14 September 2017 Entry: "It's a steal"
Stealing, creative borrowing, copying, intertextuality, post-modernism? The issue of plagiarism has come back into the public eye because of the recent article by Will Storr in Guardian Weekend magazine on Saturday 9th September. I am mentioned in the article because I was the first to notice two poems in another poet’s collection that mirrored my own so closely it felt like reading my own poem. I was stunned.
The responses that have been thrown up to this Guardian article and the comments I’ve seen have been bothering me, partly because defences of the practice have been made by people who have not read the original or the copy, and partly because those who have, contrive to blame the plagiarised!
It also bothers me that definitions have been bandied about very loosely: intertextuality etc.
My understanding of intertextuality is an author's borrowing and transformation of a prior text, and a reader's referencing of the first text in reading the other. The point of the new text created is to comment on the original - the reader knows the original and the new text is in dialogue with it. The author is writing deliberately to comment on the original text.
‘Postmodern literature is a fairly loose term anyway; parody and pastiche could come under this label - but again, the whole point of writing a text is the fact that your reader is well aware of the original, which the new text is playing around with.
Neither of these techniques describe a poet authoring a collection about a theme, using other existing poems as scaffolding that have nothing to do with this theme. That is not intertextuality or postmodernism. And calling it ‘sloppy note-keeping’ because the author failed to acknowledge their sources is not a defence.
It is not co-incidence, it’s not the same idea in different words. It’s the same words, with a few changed. Plagiarism from the Latin plagiarius: kidnapper, seducer, literary thief.
Those of us who write or teach creative writing are well aware of the value of studying other poets and using them as inspiration to create new pieces of writing. Perhaps the new poem might start with the same first line, or quote some words from the original; however it’s done, the poem created must move far enough away to be an entirely new, unique and personal poem. No-one would fault that approach, and many collections will have one or two poems that might have ‘after…poet’ under the title, or a foot note in the back of the book acknowledging the influence of another poem or poet.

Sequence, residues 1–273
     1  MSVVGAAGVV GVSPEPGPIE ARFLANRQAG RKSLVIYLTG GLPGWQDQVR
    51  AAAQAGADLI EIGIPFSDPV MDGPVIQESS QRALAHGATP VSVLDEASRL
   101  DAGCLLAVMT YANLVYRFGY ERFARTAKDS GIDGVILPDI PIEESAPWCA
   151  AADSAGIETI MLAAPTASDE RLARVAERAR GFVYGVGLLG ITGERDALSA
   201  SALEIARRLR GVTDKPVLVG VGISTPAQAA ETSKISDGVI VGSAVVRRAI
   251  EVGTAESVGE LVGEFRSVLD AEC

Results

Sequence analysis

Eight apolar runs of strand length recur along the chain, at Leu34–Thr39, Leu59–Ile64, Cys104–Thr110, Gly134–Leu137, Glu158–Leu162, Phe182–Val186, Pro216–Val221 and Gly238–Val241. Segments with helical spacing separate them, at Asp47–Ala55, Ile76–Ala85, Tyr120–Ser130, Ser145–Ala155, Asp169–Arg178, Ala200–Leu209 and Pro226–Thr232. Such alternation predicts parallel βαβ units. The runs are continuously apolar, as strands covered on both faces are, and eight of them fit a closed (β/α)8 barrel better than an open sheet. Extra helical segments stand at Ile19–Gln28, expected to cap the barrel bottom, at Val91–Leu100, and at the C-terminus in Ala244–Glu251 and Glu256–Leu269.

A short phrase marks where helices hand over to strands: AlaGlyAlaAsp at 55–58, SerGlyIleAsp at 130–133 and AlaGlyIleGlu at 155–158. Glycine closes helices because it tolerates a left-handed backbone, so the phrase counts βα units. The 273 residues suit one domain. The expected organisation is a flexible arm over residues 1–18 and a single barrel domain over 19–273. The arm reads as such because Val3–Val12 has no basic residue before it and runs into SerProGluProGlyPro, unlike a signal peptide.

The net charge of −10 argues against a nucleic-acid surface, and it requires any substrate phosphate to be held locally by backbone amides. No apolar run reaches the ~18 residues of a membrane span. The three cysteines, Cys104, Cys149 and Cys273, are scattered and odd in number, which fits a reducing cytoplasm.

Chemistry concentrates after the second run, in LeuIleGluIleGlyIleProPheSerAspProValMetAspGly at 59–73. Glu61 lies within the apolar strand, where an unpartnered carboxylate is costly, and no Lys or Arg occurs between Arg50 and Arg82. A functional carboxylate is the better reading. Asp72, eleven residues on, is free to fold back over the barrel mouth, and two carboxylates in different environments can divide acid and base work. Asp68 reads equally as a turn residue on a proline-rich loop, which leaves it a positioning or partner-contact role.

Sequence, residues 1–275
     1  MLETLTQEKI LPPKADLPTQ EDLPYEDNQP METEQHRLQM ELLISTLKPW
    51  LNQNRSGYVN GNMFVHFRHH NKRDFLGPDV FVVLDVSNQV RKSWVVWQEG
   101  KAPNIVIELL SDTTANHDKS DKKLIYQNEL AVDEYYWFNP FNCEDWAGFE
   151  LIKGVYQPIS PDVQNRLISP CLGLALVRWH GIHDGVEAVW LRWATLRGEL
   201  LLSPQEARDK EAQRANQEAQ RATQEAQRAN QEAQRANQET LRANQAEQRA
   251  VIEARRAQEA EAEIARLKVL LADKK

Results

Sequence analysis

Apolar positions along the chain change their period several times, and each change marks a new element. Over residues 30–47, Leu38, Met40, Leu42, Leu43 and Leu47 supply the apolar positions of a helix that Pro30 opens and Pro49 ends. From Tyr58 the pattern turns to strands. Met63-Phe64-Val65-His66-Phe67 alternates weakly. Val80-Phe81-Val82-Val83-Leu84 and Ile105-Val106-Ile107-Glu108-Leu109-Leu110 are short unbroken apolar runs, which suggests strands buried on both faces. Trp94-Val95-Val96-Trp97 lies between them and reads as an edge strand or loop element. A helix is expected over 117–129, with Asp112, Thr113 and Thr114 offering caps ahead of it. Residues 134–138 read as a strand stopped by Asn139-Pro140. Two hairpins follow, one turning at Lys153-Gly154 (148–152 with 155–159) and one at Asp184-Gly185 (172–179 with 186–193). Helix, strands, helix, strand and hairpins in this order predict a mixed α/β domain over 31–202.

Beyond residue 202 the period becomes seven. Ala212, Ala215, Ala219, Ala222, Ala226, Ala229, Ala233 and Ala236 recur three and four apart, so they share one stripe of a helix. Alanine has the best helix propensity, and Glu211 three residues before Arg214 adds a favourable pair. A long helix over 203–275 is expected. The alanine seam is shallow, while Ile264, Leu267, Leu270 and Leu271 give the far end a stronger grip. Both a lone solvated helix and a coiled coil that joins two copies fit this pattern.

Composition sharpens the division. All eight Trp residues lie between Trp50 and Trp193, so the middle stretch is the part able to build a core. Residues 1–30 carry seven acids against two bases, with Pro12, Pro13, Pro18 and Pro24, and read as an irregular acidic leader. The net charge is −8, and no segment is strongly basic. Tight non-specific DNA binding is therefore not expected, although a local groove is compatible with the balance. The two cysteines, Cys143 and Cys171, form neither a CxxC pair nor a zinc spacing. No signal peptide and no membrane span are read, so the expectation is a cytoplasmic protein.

You wouldn’t expect 50% of the poems in a collection to do that and you certainly wouldn’t expect to recognise 50% of the work to be almost identical in a number of ways to other existing poems.
When I first brought this issue to the attention of the poet and the publisher, I received an apology from the poet, Sheree Mack, saying she never meant to upset anyone. Well, she did, but I accepted her apology. She also said this was her usual practice. Again I was stunned. How could a poet at such a level of publication success use such lazy methods?
As Ira Lightman, “poetry sleuth” said in the interview, plagiarists never do it once”.
Writing poetry is hard, writing anything original is hard and yes, we’re all influenced knowingly or otherwise by other texts - it can’t be helped. But no-one should set out to do it as their ‘usual habit’. There’s no quick writing-by-numbers route to good poetry.
For those who refuse to see it as copying, I give you one example:
The Box my original poem
I was eight, just long enough to lie
inside the ottoman and close the lid.
Which I did once with Peter Silkin
playing Sardines, tight amongst the cloth.
It seemed a good idea to kiss.
We put our lips together, squashing them,
felt the way our noses rubbed and bumped
and realised how difficult it was to breathe.
I heard of Peter Silkin yesterday
and thought about the ottoman again;
the musky, tight interior, could sense
his handsome face, the gentle smile,
the lack of breath, the dark, the closing lid,
the forty years that lay between.
the copy poem The Den
I was nine, old enough to know where the darkness began.
Into a carved out tunnel in the mahogany hills, I crawled
with Lionel once or twice, playing dares, tight amongst
the hard parked earth.
It seemed a good idea to touch.
It seemed a good idea for our hands to explore each
dark body. In the dark knuckles knocking bone,
finger tips delving into deep dark depths.
I heard about Lionel yesterday and thought again
of our earth-packed den: the damp, dank, moist tunnel.
I could sense his long smooth limbs, his toothy white smile,
the tingles, the dark, the close, aimless dark
and the dark lost years that lay between.
Reading that felt like complete theft of my ideas, phrases, structure, creativity and my personal experience.
Ira Lightman conducted his search with professionalism, diligence and never insulted anyone. To discover in the Guardian article that the publisher, Andy Croft of Smokestack Books, thinks Joan Johnston and I are simply ‘jealous girls’ is unbelievable. I quote from the Guardian article:
“He characterises the fuss as nothing more than “a series of low-level petty jealousies”. Mack, who is of Trinidadian/Ghanaian/Bajan ancestry, “is one of the tallest, most striking women you’ve ever come across”, Croft says. “A lot of the original animosity was from white women poets in Newcastle. I don’t even want to know how to unpick that. To begin with, it felt like some girls in a catfight, picking on the most glamorous and the most beautiful girl, because they’re not as glamorous and beautiful.”
That is misogynistic, insulting and beside the point. He demeans everyone involved including his disgraced author. Would he couch the argument in those terms if the dispute was between men?
God knows I make little enough money out of poetry, the least I could be left with is my words and my integrity.